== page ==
The daily news cycle often contains items of interest. In 2020, this would include the Senate impeachment trial involving U.S. President Donald Trump, the signing of the U.S.-Mexico-Canada trade agreement, the tragic death of National Basketball Association legend Kobe Bryant and his 13-year-old daughter Gianna in a helicopter crash, and the passing of inspirational London, Ont., social activist Mike Sloan.
Unfortunately, there are also bizarre news stories that should be disregarded by the general populace but instead briefly take on lives of their own.
Here’s one of them.
On Jan. 12, Michael McCain, CEO of Maple Leaf Foods, took the unusual step of sending off a four-part Twitter thread highly critical of Trump and U.S. politicians with respect to Iran.
He had apparently lost an “MLF colleague” due to the Flight 752 crash on Jan. 8 near Iran that killed 176 passengers, 57 of whom were Canadian. He placed blame at the feet of “U.S. government leaders unconstrained by checks/balances,” and accused them of having “concocted an ill-conceived plan to divert focus from political woes.”
The U.S. president was also viciously attacked. While acknowledging “Iran is a dangerous state,” McCain was furious that a supposed “narcissist in Washington tears world accomplishments apart; destabilizes region.” He even minimized the important assassination of Iran’s top general Qasem Soleimani: “Taking out despicable military leader terrorist? There are a hundred like him, standing next in line.”
Maple Leaf Foods confirmed that McCain wrote all four tweets.
What made this rant even more bizarre was McCain didn’t post it under his own Twitter handle but rather that of Maple Leaf Foods. It’s fair to assume not every employee and shareholder would be in agreement with the CEO’s tirade against Trump and U.S. lawmakers. Nevertheless, by using a corporate Twitter handle as a personal social media soapbox, he effectively tied his company to his beliefs about a world leader.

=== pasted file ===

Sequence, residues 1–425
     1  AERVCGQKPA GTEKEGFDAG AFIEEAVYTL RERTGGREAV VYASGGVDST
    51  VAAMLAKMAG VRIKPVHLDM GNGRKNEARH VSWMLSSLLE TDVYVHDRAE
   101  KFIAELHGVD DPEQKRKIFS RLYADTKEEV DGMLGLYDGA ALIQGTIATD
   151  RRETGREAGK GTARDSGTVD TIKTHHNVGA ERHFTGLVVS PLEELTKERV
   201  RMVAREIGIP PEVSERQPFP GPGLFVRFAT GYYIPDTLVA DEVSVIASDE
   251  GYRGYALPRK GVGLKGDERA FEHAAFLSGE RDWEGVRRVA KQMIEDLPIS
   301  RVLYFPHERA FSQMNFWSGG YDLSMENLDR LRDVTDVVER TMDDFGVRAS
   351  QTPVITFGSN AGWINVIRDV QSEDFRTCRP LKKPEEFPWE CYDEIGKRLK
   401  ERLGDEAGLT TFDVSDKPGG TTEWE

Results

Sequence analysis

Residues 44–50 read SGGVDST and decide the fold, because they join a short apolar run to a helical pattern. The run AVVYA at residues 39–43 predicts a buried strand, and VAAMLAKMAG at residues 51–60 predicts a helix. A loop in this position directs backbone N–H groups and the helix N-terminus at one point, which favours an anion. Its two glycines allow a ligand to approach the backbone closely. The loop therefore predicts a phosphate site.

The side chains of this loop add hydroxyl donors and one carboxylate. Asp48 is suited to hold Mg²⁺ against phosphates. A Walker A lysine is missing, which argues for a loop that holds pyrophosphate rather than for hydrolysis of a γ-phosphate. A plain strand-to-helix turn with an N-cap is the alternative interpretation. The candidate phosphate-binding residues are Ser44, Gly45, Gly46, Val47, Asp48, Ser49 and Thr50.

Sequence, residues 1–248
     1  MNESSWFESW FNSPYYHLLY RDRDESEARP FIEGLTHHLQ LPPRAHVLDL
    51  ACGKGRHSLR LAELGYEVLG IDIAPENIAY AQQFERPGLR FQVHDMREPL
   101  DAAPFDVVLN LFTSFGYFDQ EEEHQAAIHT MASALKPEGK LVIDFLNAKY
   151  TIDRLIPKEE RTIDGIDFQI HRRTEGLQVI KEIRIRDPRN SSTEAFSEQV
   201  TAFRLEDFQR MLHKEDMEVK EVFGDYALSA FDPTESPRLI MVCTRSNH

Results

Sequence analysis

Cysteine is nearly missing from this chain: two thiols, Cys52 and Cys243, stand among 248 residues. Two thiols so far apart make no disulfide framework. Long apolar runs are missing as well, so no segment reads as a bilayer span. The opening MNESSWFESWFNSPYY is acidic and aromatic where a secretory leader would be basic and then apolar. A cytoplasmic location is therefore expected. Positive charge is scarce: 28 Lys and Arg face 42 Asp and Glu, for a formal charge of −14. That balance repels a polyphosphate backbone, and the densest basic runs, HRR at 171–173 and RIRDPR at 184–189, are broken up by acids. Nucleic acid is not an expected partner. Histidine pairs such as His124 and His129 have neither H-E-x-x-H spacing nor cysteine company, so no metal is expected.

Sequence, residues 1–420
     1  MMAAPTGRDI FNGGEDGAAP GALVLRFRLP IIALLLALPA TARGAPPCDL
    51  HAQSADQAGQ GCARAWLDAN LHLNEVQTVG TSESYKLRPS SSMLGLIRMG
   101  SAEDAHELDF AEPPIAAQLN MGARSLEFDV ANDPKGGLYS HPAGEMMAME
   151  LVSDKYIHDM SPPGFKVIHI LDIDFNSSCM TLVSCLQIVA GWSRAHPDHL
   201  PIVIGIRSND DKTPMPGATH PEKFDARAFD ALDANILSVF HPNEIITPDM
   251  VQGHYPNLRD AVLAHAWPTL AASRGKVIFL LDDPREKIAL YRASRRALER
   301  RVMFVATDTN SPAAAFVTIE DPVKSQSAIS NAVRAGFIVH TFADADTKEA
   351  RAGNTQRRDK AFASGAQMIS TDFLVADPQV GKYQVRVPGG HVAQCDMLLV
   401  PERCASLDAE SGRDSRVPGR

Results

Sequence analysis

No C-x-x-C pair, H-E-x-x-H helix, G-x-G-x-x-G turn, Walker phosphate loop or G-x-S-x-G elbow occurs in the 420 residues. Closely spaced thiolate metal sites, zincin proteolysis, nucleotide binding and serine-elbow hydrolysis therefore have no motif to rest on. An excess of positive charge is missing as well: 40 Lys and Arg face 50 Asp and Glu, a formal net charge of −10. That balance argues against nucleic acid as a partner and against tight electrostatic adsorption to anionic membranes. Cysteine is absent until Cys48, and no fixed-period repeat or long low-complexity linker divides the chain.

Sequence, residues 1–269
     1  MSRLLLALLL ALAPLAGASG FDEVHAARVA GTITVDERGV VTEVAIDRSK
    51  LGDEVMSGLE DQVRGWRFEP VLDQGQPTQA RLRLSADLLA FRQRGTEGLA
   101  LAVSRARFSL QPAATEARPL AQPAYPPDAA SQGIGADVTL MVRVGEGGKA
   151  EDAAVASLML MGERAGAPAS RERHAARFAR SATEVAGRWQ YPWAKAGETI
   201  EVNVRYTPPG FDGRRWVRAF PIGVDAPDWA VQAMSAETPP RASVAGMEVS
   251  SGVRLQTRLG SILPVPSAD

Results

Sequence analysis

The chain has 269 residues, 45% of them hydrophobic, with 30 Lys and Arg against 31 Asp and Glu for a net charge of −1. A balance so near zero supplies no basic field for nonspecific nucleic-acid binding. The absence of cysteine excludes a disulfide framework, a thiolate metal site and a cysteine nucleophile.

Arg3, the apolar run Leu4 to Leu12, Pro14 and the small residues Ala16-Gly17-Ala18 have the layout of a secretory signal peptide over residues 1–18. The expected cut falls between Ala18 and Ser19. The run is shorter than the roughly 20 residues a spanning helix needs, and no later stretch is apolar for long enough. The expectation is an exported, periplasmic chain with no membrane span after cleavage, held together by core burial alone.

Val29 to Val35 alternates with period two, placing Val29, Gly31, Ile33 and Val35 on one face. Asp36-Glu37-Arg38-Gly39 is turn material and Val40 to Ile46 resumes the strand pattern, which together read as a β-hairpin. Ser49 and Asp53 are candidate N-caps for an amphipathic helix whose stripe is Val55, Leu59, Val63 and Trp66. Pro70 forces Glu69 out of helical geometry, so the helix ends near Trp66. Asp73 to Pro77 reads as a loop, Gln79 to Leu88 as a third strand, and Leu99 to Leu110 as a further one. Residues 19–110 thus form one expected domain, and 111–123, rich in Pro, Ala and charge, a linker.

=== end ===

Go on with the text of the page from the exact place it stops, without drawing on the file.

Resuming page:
That’s a major faux pas in any industry. Imagine a CEO of Disney, Apple or General Motors declaring a world leader like Trump to be a “narcissist” on a corporate social media account. Some consumers would be furious and start calling for the person’s head on a silver platter – or a boycott of the company.
Indeed, the hashtag #BoycottMapleLeafFoods gained steam on social media. (It was promptly followed by, predictably, #BuyMapleLeafFoods). While it’s too early to say what will happen to Maple Leaf Foods, some loyal consumers have already been lost – which could put the company’s financial status in jeopardy.
The livelihoods of Maple Leaf Foods employees and their families have also been unnecessarily placed at risk due to McCain’s outburst. That makes his comments outrageous and irresponsible.
There’s even more to this story.
McCain’s cousin, Nancy, is married to Canadian Finance Minister Bill Morneau. It’s an interesting link, especially considering how volatile the working relationship has been at times between Trump and Prime Minister Justin Trudeau.
Meanwhile, it was revealed by CTV News on Jan. 13, a mere 24 hours after McCain’s rant, that he had attempted to convince Canada’s Senate to reject implementing sanctions against Chinese officials.
“I am not making any judgment on the issue of human rights abuses in Hong Kong or in China,” he wrote in part last December. “But the simple fact is that Canada acting alone on this ensures two certain consequences: (i) Chinese human rights policies will not change and (ii) Chinese retaliation will be uniquely directed to Canada.”
Two Canadians have been held in a Chinese death camp for more than a year. The chair of Huawei Technologies, Meng Wanzhou, was arrested in Vancouver in December 2018 at the request of U.S. authorities for allegedly violating trade sanctions against Iran and charges of “conspiracy to defraud multiple international institutions.”
And McCain wants to play politician at this difficult moment in Canada-China relations?
McCain doesn’t seem to care about his decision to go rogue against Trump and others. Maybe it’s time for Maple Leaf Foods employees and shareholders to turn the tables on the company’s CEO and give him a piece of their mind for his own outlandish behaviour.
That would certainly turn the daily news cycle on its head, again.
Michael Taube, a Troy Media syndicated columnist and Washington Times contributor, was a speechwriter for former prime minister Stephen Harper. He holds a master’s degree in comparative politics from the London School of Economics.
The views, opinions and positions expressed by columnists and contributors are the author’s alone. They do not inherently or expressly reflect the views, opinions and/or positions of our publication.